4 decisive games in classical chess meant that any debate about lack of fighting spirit was put off for now. Magnus Carlsen's mastery of Alpha Zero's innovative kingside attacks in the Grunfeld meant he only needed 34 moves to force Grischuk's resignation. Wesley So swindled Yu Yangyi using triangulation, Aronian busted Mamedyarov's English with fine counterattacking play, and Ding Liren's imaginative endgame play was too much for Caruana's fortress to bear. Anand drew both the classical and the armageddon games as Black against MVL, scoring his first win of the tournament. A mammoth report from Norway Chess by Tanmay Srinath
Women's Candidates: Muzychuk sisters score their first win of the tournament, Goryachkina extends her lead07/06/2019 -
Anna Muzychuk scored her first victory of the tournament when she exploited her opponent Valentina Gunina's mistakes and slow plans. Mariya Muzychuk sacrificed an exchange in the endgame and created passed pawns which helped her to score a win. Despite dominating for the major part of the game and getting an almost winning position, Nana sacrificed a piece for which she did not get enough and eventually she lost. Tan started out well and got a good position, however she made a tactical error which cost her a couple of pawns and an exchange. Lagno did not give any chances and scored a full point. Photo: Eteri Kublashvili
Chandrashis Mazumdar from West Bengal is rated 2106 and is the former commonwealth under-12 bronze medalist. He was an extremely ambitious chess player, but at some point academics took the front seat and he became an Engineer. His real challenge came when he had to appear for the GATE examination. GATE is a national level post graduation examination conducted by the IITs and IISc Bangalore to select their candidates. Naturally, it is quite tough to crack it. But, Chandrashis, not only passed with flying colours but aced the examination with an All India Rank 9. How did he do it and how did chess help this youngster to hold his own in such a tough competitive exam? In this article Chandrashis reveals his secret.
Aleksandra Goryachkina outplayed former Women's World Champion Tan Zhongyi in a Double Rook endgame with unbelievable precision to get back into the lead. The youngest in the fray is not only the sole leader, but also the only undefeated player in the tournament so far. Valentina Gunina missed an easy win in time pressure against Mariya Muzychuk. Alexandra Kosteniuk got lucky as overnight leader Nana Dzagnidze blundered in time pressure in a normal position, according to her. Kateryna Lagno had better for most of the game but Anna Muzychuk managed to trick her opponent and save half-a-point. Photo: Eteri Kublashvili
'Fab' Caruana displayed fabulous chess to dismantle Maxime Vachier Lagrave's Najdorf with an energetic bishop sacrifice. Viswanathan Anand seemed to lose his concentration for two moves, which was enough for Shakriyar Mamedyarov to complete a memorable reversal after suffering in passivity. Levon Aronian's heartbreak against Magnus Carlsen graduated to another level after the former missed the chance of the round. Carlsen then managed to beat Aronian in the armageddon. Yu Yangyi continues his charmed life in top level chess by beating Ding Liren in the tiebreaker, while Grischuk's hasty draw offer in the classical game came back to bite him against So. A detailed round two report from Norway Chess 2019 by Tanmay Srinath.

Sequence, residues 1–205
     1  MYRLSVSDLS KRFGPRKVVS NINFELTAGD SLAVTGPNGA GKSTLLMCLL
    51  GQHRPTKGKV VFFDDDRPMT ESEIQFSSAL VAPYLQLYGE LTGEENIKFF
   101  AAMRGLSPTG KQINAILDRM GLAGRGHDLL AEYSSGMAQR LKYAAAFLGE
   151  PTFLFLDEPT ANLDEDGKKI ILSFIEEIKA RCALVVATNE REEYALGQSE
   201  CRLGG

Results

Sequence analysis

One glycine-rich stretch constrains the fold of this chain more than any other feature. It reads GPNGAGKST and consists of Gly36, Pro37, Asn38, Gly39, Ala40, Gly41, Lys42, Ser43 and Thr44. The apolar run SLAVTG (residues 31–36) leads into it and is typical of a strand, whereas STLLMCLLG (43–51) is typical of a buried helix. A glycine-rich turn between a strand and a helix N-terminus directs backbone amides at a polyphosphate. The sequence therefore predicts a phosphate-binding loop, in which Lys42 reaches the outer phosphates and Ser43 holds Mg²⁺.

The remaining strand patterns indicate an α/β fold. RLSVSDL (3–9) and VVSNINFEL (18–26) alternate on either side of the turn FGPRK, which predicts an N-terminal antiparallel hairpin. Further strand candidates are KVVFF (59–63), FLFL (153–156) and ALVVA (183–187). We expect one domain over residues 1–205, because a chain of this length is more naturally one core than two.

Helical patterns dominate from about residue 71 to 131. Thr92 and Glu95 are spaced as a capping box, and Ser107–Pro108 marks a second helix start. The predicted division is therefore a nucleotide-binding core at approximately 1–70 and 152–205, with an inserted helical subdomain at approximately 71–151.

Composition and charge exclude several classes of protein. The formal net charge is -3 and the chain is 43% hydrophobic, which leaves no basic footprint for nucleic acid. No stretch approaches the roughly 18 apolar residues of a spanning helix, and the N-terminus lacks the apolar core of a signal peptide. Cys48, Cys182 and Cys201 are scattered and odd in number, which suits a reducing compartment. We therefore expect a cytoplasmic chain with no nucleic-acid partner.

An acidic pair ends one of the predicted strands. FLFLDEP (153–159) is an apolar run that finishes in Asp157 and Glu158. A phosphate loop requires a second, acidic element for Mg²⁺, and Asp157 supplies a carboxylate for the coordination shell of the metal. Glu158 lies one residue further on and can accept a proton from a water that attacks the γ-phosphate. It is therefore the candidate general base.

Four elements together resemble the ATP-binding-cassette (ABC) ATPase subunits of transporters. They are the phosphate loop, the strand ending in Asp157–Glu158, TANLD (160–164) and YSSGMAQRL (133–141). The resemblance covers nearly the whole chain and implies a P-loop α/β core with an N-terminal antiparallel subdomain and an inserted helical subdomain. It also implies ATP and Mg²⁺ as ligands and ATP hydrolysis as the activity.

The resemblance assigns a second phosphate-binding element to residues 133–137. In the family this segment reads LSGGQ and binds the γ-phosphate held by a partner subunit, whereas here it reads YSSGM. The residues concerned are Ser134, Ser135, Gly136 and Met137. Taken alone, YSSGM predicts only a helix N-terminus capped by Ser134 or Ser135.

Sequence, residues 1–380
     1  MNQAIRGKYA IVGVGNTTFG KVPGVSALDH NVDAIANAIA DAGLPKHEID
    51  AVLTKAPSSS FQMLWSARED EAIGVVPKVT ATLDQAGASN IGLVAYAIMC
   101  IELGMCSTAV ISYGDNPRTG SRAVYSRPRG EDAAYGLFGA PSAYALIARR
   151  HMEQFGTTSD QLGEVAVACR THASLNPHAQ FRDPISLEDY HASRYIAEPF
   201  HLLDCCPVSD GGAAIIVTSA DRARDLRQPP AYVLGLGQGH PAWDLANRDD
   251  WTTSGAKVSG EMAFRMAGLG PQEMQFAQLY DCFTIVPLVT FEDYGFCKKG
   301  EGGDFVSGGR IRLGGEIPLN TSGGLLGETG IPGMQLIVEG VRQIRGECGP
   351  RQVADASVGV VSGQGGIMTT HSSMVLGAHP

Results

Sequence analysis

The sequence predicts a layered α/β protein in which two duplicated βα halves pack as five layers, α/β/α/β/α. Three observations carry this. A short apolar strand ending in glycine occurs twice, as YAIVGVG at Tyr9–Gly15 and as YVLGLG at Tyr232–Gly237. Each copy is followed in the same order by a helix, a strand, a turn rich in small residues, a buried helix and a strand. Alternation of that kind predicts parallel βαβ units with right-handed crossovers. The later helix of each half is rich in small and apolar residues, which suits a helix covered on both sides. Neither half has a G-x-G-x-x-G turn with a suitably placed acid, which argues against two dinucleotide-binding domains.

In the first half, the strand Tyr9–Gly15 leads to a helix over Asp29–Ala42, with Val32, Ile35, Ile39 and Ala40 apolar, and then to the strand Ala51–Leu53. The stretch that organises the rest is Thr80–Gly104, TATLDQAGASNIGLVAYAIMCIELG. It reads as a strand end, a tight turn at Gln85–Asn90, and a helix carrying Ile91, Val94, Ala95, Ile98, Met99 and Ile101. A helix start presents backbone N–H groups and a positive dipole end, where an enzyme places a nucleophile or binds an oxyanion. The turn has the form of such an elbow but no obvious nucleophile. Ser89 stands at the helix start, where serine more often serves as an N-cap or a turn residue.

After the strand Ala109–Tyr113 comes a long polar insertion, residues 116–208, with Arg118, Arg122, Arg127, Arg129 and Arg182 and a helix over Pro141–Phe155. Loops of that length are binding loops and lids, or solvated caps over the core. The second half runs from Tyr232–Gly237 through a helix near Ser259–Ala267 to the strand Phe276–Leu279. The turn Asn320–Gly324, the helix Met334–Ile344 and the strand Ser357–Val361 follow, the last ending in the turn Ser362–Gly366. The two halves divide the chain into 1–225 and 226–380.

On 18th December 2018, Aravindh Chithambaram won his maiden National Open Senior title, after getting close to it multiple times and missing it. The next National title he won was National Teams on 11th February 2019 along with his PSPB Teammates. He became first National Triple Crown Champion of India when he won National Rapid and Blitz title on 27th and 28th May 2019 respectively. Thus winning all four National titles in three different formats of the game in just 163 days. In this article we interview Aravindh and he shares three of his best games from the recently concluded National Rapid and Blitz. We also take you back in 2013-14 when Aravindh was a rising star in Indian chess and how he has progressed logically through these last five years.
Georgia no.1 Nana Dzagnidze is on a roll, she defeated Valentina Gunina, despite the Russian attempting to surprise Nana with French Defence. Nana understood her opponent's psychology and played to her strength to score a win with ease. Kosteniuk felt that she rushed launching an attack which resulted in quick liquidation to the endgame and equalization, diminishing all hopes pushing for a full point. Thus the game between former World Champions Kosteniuk and Zhongyi ended up in a draw. Anna drew with Goryachkina and halted her momentum while her sister Mariya returned her opponent Lagno's exchange sacrifice too early and eventually lose the game. Olympiad Gold medalist IM Padmini Rout analyzes Nana's game. Photo: Eteri Kublashvili/Shahid Ahmed